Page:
How big data, modeling and machine learning are shaping safety in BC
Lori, an electrical safety officer with Technical Safety BC scans her mobile device. Late last night when the servers crunched the data, some construction activity without the legally required permits was detected, and sites with the highest probability of safety hazards were flagged. Data on wholesale and retail sales related to appliances, copper and piping, as well as changes in energy consumption patterns, is used to provide information on areas where oversight may be required. Every day, Technical Safety BC analysts use various forms of data to set up tags in each safety officer’s compliance and risk portfolio. Those installations identified by the algorithms as being highest priority for follow-up are automatically placed in a task list for the day. Lori heads to her vehicle knowing she has a busy day ahead of her, but confident that she has the facts to inform where she can best impact safety in the province.
The above story provides a look at the future of safety oversight, but Technical Safety BC is already turning data into knowledge to help achieve safer communities in BC. Open source data, sensor technology, information modelling and predictive analytics are just some of the many tools the organization is exploring to focus resources on high-risk areas, enhance knowledge sharing, and improve compliance with regulations designed to keep the public safe.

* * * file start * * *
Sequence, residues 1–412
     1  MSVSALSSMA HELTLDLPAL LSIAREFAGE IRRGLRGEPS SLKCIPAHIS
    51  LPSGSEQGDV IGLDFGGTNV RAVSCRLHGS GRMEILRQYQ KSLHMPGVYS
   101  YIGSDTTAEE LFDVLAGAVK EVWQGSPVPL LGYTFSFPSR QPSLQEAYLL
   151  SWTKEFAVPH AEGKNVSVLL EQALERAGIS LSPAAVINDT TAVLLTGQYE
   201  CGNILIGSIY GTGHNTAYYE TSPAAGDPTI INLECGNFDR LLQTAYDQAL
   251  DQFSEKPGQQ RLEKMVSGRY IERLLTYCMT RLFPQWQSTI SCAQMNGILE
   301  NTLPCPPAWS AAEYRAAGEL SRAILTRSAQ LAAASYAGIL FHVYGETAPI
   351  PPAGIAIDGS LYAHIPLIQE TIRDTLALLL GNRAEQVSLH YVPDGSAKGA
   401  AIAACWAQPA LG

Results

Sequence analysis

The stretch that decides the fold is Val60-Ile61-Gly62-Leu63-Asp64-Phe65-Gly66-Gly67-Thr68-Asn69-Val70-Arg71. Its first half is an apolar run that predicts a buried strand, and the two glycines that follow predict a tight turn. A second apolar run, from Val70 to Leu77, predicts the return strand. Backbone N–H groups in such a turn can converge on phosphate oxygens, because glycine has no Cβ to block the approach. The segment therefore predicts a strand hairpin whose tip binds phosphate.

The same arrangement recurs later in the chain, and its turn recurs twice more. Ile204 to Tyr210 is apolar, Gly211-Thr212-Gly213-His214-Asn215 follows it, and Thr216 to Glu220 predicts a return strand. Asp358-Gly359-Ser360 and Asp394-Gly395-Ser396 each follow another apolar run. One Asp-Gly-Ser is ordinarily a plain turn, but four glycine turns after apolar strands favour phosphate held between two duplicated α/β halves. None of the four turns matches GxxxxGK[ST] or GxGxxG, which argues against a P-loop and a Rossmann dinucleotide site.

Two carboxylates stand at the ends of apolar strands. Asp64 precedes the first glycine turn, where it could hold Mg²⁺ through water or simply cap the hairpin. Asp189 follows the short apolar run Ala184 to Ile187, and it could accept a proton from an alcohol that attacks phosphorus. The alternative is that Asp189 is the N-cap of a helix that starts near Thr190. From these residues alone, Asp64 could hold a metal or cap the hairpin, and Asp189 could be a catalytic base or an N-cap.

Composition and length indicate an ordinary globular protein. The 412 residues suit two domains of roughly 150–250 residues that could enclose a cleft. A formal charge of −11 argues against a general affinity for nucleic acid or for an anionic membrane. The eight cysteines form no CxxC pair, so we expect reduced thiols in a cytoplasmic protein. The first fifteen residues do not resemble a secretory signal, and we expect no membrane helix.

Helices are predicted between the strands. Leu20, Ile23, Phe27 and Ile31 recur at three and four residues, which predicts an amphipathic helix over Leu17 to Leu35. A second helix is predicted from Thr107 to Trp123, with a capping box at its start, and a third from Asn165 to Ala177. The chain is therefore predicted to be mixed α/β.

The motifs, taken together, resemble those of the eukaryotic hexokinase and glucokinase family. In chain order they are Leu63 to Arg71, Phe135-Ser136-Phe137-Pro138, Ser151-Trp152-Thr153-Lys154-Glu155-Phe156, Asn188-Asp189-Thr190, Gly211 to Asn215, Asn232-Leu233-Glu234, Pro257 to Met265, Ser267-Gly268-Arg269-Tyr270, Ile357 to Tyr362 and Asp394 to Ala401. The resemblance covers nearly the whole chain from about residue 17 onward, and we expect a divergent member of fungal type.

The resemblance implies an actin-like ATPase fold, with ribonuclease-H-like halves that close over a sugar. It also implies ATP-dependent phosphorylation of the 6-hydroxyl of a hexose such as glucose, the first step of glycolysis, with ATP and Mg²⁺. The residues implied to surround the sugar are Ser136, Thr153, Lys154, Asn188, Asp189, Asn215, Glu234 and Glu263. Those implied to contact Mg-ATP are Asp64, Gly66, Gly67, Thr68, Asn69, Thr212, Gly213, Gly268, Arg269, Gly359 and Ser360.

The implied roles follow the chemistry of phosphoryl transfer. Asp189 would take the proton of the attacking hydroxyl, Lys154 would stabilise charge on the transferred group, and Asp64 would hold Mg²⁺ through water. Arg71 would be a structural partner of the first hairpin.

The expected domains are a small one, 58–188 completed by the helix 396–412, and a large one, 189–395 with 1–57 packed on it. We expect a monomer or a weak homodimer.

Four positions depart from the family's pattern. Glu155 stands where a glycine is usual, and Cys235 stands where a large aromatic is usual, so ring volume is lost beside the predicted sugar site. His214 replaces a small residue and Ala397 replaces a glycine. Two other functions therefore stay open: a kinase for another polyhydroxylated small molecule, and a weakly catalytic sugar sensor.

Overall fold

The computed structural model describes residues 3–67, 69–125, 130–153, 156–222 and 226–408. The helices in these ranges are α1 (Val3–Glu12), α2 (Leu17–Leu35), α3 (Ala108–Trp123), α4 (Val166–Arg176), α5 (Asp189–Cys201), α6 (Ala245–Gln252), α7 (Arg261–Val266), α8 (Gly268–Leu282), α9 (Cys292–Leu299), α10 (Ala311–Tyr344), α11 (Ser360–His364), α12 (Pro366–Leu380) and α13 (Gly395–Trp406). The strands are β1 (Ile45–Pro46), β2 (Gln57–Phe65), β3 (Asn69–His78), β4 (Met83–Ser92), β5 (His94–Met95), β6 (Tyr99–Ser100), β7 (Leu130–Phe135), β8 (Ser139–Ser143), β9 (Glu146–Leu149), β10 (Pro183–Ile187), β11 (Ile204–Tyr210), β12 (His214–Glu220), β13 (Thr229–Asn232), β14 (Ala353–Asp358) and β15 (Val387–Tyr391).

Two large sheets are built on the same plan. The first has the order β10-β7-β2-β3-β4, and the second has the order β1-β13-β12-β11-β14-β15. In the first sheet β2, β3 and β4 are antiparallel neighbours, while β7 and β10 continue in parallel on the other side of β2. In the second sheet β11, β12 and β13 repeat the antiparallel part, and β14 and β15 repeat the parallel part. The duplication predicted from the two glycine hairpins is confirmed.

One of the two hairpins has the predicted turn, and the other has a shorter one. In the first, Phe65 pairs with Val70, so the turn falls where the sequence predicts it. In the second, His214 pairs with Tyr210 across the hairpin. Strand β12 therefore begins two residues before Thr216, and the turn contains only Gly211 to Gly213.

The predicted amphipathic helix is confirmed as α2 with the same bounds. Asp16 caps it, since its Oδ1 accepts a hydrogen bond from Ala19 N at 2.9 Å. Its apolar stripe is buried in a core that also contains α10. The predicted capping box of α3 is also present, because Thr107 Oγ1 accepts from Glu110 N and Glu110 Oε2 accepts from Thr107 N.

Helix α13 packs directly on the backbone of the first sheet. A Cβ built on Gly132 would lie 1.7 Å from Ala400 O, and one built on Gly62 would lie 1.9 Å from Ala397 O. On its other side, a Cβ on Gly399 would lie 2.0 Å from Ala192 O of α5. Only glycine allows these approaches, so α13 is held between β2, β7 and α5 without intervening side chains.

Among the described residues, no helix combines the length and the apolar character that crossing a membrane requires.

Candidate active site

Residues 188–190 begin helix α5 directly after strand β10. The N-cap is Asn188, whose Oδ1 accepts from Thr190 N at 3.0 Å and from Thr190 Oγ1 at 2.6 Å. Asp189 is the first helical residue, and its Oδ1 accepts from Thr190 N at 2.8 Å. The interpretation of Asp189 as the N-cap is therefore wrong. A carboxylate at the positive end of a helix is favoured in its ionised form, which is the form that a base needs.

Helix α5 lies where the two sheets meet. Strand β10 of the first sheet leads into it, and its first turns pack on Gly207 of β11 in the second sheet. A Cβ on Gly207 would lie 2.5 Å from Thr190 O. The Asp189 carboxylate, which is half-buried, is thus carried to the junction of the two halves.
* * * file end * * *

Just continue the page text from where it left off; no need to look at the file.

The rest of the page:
“In the past, our work at Technical Safety BC was very focused on physical assessments of regulated work, like electrical and gas,” explains Phil Gothe, Vice President, Technical Programs. “But today there’s an incredible opportunity to use real-time data to really focus in on problem areas where we can impact change. And we are also looking to technology to improve the services we provide to our clients.”
Predicting issues, prioritizing risks
Currently data gathered by Technical Safety BC shows that licensed contractors working without permits are four times more likely to produce public safety hazards. This information forms part of the extensive knowledge base that helps guide safety decisions within the organization. For example, Technical Safety BC’s Resource Allocation Program (RAP) uses data-driven algorithms and expert system rules to direct efforts towards the most high risk areas. But that’s just the start – looking ahead to the future, Technical Safety BC has big plans for data and will be looking to turn this shared knowledge into insights that can be used to drive behavioral change.
“We’re only at the beginning of our journey,” Phil says. “We’ll be looking to tomorrow’s STEM leaders to help evolve our safety system, enhance knowledge sharing opportunities, and shape the future of safety in our province.”
It’s all part of Technical Safety BC’s goal to deliver “smarter safety” – and it means challenging career opportunities for creative thinkers and problem solvers with Science, Technology, Engineering and Mathematics (STEM) backgrounds. Individuals with technical skills in analytics, and an interest in using information to solve complex problems will be in high demand.
This article, written by Technical Safety BC's Laura McLeod, originally appeared on the STEM Spotlight Awards website.